Q: Windows 10 is now five years old. How much longer will Microsoft provide critical updates for it? And what comes next? A Windows operating system that’s paid for by monthly subscription fee?

James Labradori, Delafield, Wis.

 

A: Technology changes fast, but Windows 10 seems likely to be with us for several more years.

One reason is that the coronavirus has kept people isolated from each other, producing a surge of interest in using computers to stay in touch. Microsoft said that trend has also spurred public interest in using Windows 10, causing the company to invest more in the operating system.

Another reason to believe Windows 10 will be with us is that it doesn’t have a fixed expiration date as previous versions of Windows did.

For example, it was known years in advance that Windows 7 would stop receiving security updates in January of this year, making it no longer safe to use. But Windows 10 has an expiration date that keeps getting pushed forward: Each major update is supported for 18 months. But the expiration date never arrives because a new version of Windows 10 is automatically installed every six months, restarting the 18-month expiration clock.

In addition, Windows 10 is getting a new cousin called Windows 10X. Microsoft said 10X won’t run on PCs. Instead, it’s intended for stripped-down computers akin to Google’s Chromebook.

A Windows 10X computer aimed at the education market would have so little processing power that it would mostly use online software (much as the Chromebook does.)

Another 10X computer intended for the business market would be less capable than a PC, but have enough processing power to run its own software. Experts said some of the technology improvements developed for Windows 10X — such as faster updates and protecting the operating system from software crashes — may be added to Windows 10.

What does Windows 10X mean for the future? Microsoft has hinted that all Windows computers might eventually run some version of Windows 10X, but it hasn’t said when. And the introduction of 10X has been delayed from this fall until sometime next year.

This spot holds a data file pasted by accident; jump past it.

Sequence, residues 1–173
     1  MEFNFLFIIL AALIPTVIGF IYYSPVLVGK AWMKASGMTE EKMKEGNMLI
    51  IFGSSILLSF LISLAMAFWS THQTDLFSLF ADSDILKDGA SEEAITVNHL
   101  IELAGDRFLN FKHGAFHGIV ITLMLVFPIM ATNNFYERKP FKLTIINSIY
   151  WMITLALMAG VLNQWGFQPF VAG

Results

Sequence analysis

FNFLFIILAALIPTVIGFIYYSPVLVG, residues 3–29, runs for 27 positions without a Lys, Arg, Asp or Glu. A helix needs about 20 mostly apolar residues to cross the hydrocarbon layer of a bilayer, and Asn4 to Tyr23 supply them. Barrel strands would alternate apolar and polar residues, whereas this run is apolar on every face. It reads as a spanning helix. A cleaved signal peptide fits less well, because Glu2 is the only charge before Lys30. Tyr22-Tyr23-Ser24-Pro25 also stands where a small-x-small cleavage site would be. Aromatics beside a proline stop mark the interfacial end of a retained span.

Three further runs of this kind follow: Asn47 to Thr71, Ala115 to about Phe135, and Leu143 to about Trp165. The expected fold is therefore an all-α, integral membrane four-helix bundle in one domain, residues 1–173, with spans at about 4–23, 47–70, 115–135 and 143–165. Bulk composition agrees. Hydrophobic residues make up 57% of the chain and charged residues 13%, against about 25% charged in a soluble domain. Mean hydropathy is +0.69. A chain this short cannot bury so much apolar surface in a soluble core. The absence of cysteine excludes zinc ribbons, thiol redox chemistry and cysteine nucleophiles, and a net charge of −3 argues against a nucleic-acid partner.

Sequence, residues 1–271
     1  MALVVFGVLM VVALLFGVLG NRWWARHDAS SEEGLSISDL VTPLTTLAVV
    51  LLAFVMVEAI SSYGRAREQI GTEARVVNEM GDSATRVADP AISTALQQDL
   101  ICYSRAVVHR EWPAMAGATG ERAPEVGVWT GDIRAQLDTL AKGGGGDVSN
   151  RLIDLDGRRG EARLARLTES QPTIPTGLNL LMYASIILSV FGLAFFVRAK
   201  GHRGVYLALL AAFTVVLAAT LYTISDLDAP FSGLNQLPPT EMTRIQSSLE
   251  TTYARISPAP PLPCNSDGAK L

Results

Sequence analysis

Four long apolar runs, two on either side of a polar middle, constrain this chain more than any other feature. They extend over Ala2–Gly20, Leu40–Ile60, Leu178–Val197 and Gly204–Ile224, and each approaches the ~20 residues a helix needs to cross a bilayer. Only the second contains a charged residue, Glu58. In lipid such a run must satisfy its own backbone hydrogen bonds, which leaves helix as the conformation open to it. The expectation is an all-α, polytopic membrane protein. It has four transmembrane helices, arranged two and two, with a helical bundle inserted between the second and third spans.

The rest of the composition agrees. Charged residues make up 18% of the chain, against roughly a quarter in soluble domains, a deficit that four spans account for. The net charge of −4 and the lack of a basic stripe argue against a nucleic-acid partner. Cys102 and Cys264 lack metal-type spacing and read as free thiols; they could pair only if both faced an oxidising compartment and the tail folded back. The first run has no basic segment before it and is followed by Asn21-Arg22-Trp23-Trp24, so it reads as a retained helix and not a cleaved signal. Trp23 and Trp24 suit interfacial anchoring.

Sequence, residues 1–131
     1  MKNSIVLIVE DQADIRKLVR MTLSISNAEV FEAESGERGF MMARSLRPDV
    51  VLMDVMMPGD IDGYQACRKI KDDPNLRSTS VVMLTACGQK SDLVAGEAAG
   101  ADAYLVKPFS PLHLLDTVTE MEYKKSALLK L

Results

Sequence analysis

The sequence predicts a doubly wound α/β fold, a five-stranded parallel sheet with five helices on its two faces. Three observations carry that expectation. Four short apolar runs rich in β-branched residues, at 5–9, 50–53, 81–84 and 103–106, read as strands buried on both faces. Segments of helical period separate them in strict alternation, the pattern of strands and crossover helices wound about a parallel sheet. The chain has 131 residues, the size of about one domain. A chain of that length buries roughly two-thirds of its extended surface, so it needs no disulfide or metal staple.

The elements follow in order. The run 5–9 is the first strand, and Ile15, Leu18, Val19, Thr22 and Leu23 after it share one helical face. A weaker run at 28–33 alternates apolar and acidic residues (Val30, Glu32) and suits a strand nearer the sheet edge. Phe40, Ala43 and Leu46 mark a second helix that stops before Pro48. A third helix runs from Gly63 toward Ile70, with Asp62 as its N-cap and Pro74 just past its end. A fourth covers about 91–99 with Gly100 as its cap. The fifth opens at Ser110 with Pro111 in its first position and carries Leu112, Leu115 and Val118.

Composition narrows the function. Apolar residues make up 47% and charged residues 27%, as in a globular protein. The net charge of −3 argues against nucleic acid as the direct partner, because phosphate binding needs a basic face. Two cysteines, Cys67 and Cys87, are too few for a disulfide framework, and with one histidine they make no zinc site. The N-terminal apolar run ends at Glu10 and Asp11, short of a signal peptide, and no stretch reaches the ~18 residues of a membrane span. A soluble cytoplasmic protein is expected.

A consumer Windows 10 subscription service (which would replace purchasing the operating system with a monthly fee to use it) has reportedly been discussed within Microsoft.

The idea is that a Windows 10 subscription fee could become part of Microsoft 365, which is currently the online subscription version of Microsoft Office. But subscriptions may not have much appeal to consumers. So far, it’s estimated that Microsoft 365 is used by fewer than 20% of all Office customers. So, I think Windows 10 users might get a choice of purchasing or subscribing.

 

Q: I have a model N5110 Dell Inspiron laptop on which I tried to install Windows 10 when support was eliminated for Windows 7. I wiped the hard drive so I could do a fresh installation of Windows 10, but it wouldn’t install properly. I later discovered that this PC model isn’t compatible with Windows 10. Is there a workaround to make Windows 10 function?

Bruce Johnston, Tamarack, Minn.

 

A: Dell said your 2011 PC isn’t compatible with Windows 10, which was introduced in 2015 (see tinyurl.com/y4zc653x). There’s no workaround for that type of obsolescence; the only way you can get Windows 10 is to buy a new computer.

 

E-mail tech questions to steve.j.alexander@gmail.com or write to Tech Q&A, 650 S. 3rd Av., Suite 1300, ­Minneapolis, MN 55488. Include name, city and telephone number.